Quote:
Because the air escaping the balloon is moving faster than the air around it, under Bernoulli's principle that creates a low pressure zone. There is higher pressure pushing against that air, all around it. That would create a sort of tunnel that the air is moving through.
Bernoulli's principle is easy to get tripped up on (it's based upon some assumptions which don't always hold), but to first order, the pressure drop you're examining with Bernoulli's principle is NOT between the escaping air and the surrounding atmosphere, it's between the air inside the balloon and the escaping air. And the air inside the balloon is at higher pressure than the surrounding air. The air as it escapes is at atmospheric pressure, because if it were lower pressure, it couldn't escape, it would get pushed back in.

Quote:
The pressure caused by Bernoulli's principle does not slow down the car. If we look at a cross section of the air coming out of the balloon, we would see a ring of pressure pushing in on the escaping air. Because that pressure is not pushing either forward or backward, it has no effect on the force on the car.
That's true, but it doesn't constrict the flow of escaping air, because the air escapes basically at atmospheric pressure. It has dropped in pressure from what's inside the balloon.
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Old 8th August 2019, 01:41 AM   #79
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How is so much dumbth possible?

Trolls? Sincerely deluded fools?

Maybe it doesn't even matter.
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Old 8th August 2019, 07:29 AM   #80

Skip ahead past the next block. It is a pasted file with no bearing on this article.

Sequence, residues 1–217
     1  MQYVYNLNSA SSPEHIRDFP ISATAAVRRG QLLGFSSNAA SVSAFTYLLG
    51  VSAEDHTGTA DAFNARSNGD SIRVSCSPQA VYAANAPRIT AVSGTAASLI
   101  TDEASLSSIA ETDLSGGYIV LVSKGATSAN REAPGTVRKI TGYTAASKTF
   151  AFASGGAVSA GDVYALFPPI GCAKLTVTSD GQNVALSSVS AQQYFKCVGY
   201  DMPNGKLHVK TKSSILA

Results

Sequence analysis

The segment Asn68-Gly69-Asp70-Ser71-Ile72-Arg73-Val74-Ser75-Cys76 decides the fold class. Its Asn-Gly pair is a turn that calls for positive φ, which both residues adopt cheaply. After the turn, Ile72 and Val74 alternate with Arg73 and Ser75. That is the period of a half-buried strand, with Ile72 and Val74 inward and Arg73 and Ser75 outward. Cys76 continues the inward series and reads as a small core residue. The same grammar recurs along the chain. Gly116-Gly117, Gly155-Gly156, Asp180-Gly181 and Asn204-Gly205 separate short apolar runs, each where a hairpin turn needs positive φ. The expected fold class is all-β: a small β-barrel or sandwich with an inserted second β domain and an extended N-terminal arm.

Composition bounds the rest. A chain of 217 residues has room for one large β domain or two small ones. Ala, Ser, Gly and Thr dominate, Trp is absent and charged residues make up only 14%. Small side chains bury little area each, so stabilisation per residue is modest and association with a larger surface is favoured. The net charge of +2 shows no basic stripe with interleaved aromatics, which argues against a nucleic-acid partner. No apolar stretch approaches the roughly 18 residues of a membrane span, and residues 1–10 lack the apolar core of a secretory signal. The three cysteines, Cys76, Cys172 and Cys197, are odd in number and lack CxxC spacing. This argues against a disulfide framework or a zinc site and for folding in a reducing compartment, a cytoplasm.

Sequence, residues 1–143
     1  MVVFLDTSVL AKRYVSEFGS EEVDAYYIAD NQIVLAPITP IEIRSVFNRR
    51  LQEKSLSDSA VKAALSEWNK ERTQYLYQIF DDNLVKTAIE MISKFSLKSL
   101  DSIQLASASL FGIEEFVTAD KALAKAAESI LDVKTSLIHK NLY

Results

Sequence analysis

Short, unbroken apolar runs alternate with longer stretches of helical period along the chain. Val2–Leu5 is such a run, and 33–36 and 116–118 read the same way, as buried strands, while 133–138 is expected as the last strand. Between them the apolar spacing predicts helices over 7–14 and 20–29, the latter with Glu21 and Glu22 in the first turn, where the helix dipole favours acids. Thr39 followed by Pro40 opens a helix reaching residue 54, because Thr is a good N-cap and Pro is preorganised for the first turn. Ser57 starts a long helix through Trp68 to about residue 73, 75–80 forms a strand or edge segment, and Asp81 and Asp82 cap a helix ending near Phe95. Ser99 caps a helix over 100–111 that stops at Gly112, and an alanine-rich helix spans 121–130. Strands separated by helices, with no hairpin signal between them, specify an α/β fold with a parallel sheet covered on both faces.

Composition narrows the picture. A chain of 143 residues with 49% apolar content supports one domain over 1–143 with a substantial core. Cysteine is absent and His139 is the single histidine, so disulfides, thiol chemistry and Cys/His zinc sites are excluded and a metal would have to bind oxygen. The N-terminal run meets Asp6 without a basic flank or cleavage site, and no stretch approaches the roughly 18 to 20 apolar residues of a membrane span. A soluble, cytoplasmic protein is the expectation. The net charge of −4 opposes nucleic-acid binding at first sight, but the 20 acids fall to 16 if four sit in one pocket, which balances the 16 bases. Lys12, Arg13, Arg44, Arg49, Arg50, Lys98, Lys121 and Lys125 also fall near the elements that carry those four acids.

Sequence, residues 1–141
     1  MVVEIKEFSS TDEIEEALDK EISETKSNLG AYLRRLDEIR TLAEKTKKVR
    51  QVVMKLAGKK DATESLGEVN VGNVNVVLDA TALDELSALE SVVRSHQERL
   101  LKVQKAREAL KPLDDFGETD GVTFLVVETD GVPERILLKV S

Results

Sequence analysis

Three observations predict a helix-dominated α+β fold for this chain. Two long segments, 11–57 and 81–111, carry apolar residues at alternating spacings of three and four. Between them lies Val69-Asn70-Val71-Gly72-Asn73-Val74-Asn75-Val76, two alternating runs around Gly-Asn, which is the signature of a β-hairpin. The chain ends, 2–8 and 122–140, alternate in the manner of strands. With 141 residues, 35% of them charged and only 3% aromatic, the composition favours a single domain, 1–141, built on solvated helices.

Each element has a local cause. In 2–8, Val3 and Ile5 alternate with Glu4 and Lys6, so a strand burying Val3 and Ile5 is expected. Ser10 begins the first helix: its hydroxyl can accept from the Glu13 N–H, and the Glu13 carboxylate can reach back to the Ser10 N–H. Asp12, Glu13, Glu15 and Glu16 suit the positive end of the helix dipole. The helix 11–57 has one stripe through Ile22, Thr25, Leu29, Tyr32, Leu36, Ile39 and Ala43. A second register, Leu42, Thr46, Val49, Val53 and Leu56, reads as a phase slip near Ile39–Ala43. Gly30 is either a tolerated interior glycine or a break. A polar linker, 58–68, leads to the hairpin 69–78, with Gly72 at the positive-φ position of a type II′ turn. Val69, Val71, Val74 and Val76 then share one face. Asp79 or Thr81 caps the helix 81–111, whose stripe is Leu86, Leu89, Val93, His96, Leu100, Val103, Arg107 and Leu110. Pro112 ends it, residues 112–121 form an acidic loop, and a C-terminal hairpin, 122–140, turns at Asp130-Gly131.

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Originally Posted by DevilsAdvocate View Post
We have the same force from that air,...
There are a number of forces acting on the car. We have the pressure of the air inside the bottle and balloon, the pressure of air outside the car in all directions, the gravity pushing down and the static friction (before it starts) and the kinetic friction when it is moving.

Ultimately it moves forward because the sum of all those forces is in the forward direction.
Quote:
so we would expect the same force to be applied to the car and it would move at the same speed. But it doesn't.
Again I don't understand how you reached this conclusion. You add a cone to the back which is as long again as the car and at the back as wide as the car and you say that you would not expect that to change the sum of forces acting on the car.

Obviously it will. The questions are: 1. By how much does it change that sum and in what direction and 2. By how much would that force need to be reduced in order for the car not to be able to overcome static friction?

At a rough guess, how much force in the backward direction (as a percentage of the force provided by the air escaping from the balloon) would be required for the car not to move?

You reached the conclusion that adding the cone should not prevent the car from moving, so you must have made at least a rough estimate of this.